“I’ve got to the point where I don’t know what to do,” she confided. “I have absolutely no quality of life right now.”
Three years ago, Bridge was fit and healthy. “I could run circles around people,” she said. But when she began experiencing severe pain in her left hip and back about two years ago, she tried everything she could to avoid prescription drugs and surgery –acupuncture, physiotherapy, magnetic therapy and visits to the chiropractor.
“I thought it was my sciatic nerve,” she said, but when the pain persisted, her chiropractor sent her for an x-ray, which showed that she has severe arthritis in her hip and lower spine, with an arthritic spur touching her sciatic nerve.
“There’s no cartilage in my left hip; it’s bone on bone,” she said. “I feel like an old Barbie doll; when I move, it’s ‘click, click, click.’”
Bridge feels Ontario’s health-care system has let her down. Each time she has been referred to a specialist, she has waited three months before an appointment. She is now waiting to see a third specialist; she hasn’t heard when her appointment will be and it’s been three months since the referral.
“If I had $35,000, I could go across the (U.S.) border and get it (hip replacement surgery) done in a week,” she said.
Bridge’s frustration is not without cause. Even though Ontario was heralded last summer, in a report card issued by the Wait Time Alliance, as being the national leader in reducing wait times for five priority health services (including hip replacements), the Fraser Institute in its recently released annual health delivery survey concluded, “despite provincial wait-time reduction strategies and high levels of health expenditure, it is clear that patients in Canada continue to wait too long to receive medically necessary treatment.”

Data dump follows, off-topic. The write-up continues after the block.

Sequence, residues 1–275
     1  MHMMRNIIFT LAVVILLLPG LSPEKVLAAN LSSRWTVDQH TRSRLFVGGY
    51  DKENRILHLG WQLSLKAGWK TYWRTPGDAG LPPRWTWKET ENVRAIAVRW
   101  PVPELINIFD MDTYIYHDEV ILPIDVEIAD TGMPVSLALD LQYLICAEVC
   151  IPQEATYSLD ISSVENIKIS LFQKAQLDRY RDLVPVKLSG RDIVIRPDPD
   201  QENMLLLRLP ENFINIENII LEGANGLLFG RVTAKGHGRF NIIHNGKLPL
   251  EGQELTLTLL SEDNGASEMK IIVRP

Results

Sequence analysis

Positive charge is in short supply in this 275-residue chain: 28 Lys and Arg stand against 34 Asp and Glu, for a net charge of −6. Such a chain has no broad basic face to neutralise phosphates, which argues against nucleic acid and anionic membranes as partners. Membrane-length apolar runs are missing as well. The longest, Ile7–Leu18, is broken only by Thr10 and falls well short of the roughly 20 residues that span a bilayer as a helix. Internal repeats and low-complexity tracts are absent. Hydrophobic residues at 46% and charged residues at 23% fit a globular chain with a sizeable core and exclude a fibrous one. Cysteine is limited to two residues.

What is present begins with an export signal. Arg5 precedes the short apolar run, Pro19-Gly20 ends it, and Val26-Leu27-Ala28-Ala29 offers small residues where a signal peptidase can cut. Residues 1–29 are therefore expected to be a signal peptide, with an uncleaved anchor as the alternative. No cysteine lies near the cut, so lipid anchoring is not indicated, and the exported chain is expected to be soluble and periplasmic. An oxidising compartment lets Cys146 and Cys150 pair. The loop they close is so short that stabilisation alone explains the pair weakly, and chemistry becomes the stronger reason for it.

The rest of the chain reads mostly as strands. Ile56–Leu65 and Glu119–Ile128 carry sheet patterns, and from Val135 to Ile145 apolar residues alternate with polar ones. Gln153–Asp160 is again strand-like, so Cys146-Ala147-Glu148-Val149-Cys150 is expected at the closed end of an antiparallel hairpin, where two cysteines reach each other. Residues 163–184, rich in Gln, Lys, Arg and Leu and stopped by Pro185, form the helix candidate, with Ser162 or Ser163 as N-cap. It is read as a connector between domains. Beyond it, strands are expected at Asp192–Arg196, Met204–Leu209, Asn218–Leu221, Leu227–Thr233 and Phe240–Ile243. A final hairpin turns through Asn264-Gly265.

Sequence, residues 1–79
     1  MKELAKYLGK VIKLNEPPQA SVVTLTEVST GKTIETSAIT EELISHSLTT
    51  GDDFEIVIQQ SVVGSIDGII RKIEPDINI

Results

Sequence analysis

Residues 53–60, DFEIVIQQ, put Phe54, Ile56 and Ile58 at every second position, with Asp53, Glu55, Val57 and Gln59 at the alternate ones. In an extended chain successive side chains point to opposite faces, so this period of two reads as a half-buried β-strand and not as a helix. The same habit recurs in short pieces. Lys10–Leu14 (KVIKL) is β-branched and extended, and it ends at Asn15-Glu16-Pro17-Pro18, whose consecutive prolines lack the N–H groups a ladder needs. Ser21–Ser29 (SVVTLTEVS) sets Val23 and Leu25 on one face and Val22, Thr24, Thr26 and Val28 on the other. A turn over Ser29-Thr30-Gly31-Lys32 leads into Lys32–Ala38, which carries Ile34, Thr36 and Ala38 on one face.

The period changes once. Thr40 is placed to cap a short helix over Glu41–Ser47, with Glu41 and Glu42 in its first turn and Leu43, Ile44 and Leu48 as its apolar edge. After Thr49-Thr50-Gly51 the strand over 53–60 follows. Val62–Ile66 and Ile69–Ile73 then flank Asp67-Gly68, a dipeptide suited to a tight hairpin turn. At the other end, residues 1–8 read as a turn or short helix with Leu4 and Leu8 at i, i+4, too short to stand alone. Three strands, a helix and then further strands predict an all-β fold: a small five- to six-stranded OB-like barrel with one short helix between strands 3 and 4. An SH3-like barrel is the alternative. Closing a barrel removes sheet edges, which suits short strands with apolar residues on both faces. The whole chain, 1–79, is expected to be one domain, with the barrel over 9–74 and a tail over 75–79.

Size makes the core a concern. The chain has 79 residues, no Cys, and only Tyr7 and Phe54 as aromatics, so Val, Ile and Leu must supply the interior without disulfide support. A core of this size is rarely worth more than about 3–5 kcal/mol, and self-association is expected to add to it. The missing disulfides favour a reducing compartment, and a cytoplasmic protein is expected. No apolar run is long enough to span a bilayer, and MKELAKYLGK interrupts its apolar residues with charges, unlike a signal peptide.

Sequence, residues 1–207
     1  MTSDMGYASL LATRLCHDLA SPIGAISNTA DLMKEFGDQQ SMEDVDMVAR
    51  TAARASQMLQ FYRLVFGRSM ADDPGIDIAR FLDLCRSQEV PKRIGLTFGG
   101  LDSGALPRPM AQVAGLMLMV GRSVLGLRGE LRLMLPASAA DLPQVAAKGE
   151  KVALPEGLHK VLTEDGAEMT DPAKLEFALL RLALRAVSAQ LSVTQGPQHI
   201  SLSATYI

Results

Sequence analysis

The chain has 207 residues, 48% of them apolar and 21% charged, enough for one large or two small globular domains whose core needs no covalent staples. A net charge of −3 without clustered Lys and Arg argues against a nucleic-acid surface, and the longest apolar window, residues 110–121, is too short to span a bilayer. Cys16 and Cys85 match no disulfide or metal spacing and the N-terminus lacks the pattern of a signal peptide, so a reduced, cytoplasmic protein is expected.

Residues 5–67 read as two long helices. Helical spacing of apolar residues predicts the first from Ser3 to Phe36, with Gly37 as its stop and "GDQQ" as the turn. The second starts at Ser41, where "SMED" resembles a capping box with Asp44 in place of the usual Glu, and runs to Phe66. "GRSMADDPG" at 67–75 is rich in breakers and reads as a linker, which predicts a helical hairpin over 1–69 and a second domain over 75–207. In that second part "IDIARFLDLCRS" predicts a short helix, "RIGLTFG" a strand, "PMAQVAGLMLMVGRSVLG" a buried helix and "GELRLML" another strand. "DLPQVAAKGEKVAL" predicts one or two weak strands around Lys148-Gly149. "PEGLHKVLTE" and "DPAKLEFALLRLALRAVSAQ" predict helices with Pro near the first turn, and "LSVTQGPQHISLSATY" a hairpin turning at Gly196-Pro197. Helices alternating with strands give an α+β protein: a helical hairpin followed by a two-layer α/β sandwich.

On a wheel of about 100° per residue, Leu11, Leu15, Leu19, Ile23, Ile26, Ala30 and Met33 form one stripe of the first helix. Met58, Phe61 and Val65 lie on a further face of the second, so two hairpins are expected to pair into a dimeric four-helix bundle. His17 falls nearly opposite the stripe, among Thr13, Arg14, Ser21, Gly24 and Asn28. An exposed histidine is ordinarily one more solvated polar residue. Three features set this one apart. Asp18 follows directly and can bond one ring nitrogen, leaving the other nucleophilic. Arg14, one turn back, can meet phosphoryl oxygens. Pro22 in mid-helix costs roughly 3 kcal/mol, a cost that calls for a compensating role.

While patients in Ontario experience the shortest wait times for surgery (14.9 weeks) across Canada, the study found that the longest wait time for Canadian patients is for orthopedic surgery (39.6 weeks). Patients wait the least amount of time for medical oncology treatment (4.1 weeks).
Wait time is defined as the amount of time from referral by a general practitioner to treatment.
Bridge, who attended her first referral appointment with a specialist more than six months ago, isn’t sure how long it will be before she gets the treatment she needs. At least part of the delay is because the two specialists that she has seen to date don’t specialize in hip replacements but do other joint replacement surgeries. She has been assured that the third specialist she has been referred to does specialize in hip replacements and that has given her some comfort.
As for her belief that needed surgery has been delayed because of her age, that’s disputed by Dr. Greg Jarosynski, an orthopedic surgeon in Burlington, who is not treating the west Flamborough woman but said, through an office spokesperson, that age is not the deciding factor. Rather it would depend on how much arthritis is present, how it is affecting the patient’s quality of life, how much pain is being experienced by the patient and whether the patient has other health issues, the spokesperson said.